Russia to Kick Out Some U.S. Diplomats Over Sanctions

By Thomas Grove Features Dow Jones Newswires

Russia struck out at the U.S. on Friday, saying it would expel diplomats and close a diplomatic retreat outside Moscow after Congress passed a new round of sanctions against Moscow.

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Legislation passed by both the House and the Senate this week tighten existing sanctions and introduce a set of new measures to punish Russia for alleged interference in the 2016 presidential election. The legislation also would prevent President Donald Trump from easing sanctions without congressional approval.

Mr. Trump, who has expressed skepticism over allegations of Russia's role in last year's election, hasn't made it clear whether or not he will sign the bill. Russian authorities said there was no need to wait for the president's signature to act.

"The most recent events show that Russophobia has taken hold in certain circles in the United States as has a course of open confrontation with our country," the Russian Foreign Ministry said in a statement.

The Russian measures will reduce the number of U.S. diplomatic and technical staff in Russia as of Sept. 1 to 455, the same number of Russian diplomats now operating in the U.S. after then-President Barack Obama expelled 35 late last year, the Russian foreign ministry said.

It wasn't clear how many people are employed by the U.S. embassy or whether the positions included Russian foreign service nationals. But the reduction would lead to the expulsion of around 700 staff members, said Russian parliamentary vice-speaker Sergei Zheleznyak.

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"This will be felt by American diplomacy," Mr. Zheleznyak said on state television. "The measures against the United States have been a long time coming."

The ministry also ordered a diplomatic retreat in a forested complex outside Moscow shuttered from Aug. 1 and closed diplomatic storage sites.

The measure looks to be a tit for tat move in response to U.S. authorities' decision last year to deny Russian diplomats access to two Moscow-owned compounds--one in New York and one in Maryland--used by Russian diplomats.

Russian President Vladimir Putin, who has called the latest round of sanctions against Moscow "impudent," had initially expected warmer ties with the U.S. under Mr. Trump. The measures escalate tensions after ties fell to Cold War lows following the Ukrainian crisis in 2014 and allegations last year that Russia had used cyber attacks to meddle in the 2016 presidential election.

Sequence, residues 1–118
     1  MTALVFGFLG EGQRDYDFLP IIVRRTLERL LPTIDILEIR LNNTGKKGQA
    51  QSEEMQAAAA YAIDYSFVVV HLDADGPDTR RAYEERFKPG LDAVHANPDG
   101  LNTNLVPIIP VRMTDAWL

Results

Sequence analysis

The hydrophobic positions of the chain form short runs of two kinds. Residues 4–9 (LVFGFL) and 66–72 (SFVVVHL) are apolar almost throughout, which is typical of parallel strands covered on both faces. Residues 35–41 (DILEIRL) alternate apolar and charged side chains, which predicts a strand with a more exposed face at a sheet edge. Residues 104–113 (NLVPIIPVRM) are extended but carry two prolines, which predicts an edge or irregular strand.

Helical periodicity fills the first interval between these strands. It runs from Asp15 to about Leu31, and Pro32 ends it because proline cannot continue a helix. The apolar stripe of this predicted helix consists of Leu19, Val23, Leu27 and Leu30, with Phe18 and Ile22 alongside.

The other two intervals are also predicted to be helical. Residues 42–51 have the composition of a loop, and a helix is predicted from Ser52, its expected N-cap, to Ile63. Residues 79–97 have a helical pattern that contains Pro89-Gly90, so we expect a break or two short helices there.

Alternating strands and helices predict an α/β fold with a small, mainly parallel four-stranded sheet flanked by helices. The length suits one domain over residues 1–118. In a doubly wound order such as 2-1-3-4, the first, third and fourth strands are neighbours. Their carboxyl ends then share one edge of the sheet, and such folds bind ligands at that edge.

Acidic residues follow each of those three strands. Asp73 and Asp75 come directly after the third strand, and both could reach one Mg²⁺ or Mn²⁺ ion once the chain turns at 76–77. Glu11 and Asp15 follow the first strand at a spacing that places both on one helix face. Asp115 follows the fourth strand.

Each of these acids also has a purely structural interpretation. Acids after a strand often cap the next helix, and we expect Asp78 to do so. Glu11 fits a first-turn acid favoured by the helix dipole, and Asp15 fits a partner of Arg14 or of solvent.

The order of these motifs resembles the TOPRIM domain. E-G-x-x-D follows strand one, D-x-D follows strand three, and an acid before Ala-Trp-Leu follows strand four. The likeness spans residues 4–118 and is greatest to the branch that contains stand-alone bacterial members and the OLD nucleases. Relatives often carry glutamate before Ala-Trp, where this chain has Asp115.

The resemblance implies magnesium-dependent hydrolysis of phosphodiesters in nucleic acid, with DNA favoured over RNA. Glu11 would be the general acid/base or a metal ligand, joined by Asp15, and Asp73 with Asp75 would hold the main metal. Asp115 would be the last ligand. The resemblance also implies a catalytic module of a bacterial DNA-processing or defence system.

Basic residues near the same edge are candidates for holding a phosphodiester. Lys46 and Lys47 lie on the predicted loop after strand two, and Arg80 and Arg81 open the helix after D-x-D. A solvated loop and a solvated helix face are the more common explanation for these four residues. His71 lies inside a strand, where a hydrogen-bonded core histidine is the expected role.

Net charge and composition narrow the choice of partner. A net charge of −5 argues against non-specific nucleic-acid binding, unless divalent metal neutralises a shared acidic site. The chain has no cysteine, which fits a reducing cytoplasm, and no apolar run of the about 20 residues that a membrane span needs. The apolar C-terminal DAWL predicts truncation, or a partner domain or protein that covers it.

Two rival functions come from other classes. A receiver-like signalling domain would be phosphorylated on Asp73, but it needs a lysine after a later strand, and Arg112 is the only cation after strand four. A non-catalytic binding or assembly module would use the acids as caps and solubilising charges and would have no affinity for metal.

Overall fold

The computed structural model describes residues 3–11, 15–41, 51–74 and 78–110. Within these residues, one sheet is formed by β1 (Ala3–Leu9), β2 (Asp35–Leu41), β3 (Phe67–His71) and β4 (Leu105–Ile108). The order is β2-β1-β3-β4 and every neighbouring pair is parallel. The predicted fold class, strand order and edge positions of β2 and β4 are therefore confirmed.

The U.S. ambassador, John Tefft was called to the Foreign Ministry on Friday and informed of the decision to implement the measures by Russian authorities, the ministry said.

Mr. Tefft "expressed his strong disappointment and protest" and the Russian government's notification has been passed on to Washington, a U.S. embassy spokesperson said.

Alexei Pushkov, the chairman of the upper house of parliament's committee on information policy said Russia could impose new sanctions on the U.S., including economic measures.

"The United States has been carrying out an economic war against a number of our companies," he said, without going into details of possible new measures.

Russian authorities say the sanctions passed in Congress, which includes a provision allowing the president to impose penalties on firms packing high-profile Russian pipeline projects, is merely a pretext to cut Russian gas exports to its largest trading partner, the European Union.

It would allow some joint energy ventures to go ahead, but would sanction new projects and joint ventures in which a sanctioned Russian person or entity holds a stake of 33% or more.

That provision has upset Europeans because it poses a potential risk to the Nord Stream 2 pipeline, a project of the Russian gas giant Gazprom backed by a consortium of five European companies, to transport gas from Russia to Europe through the Baltic Sea.

Write to Thomas Grove at thomas.grove@wsj.com

(END) Dow Jones Newswires

July 28, 2017 08:57 ET (12:57 GMT)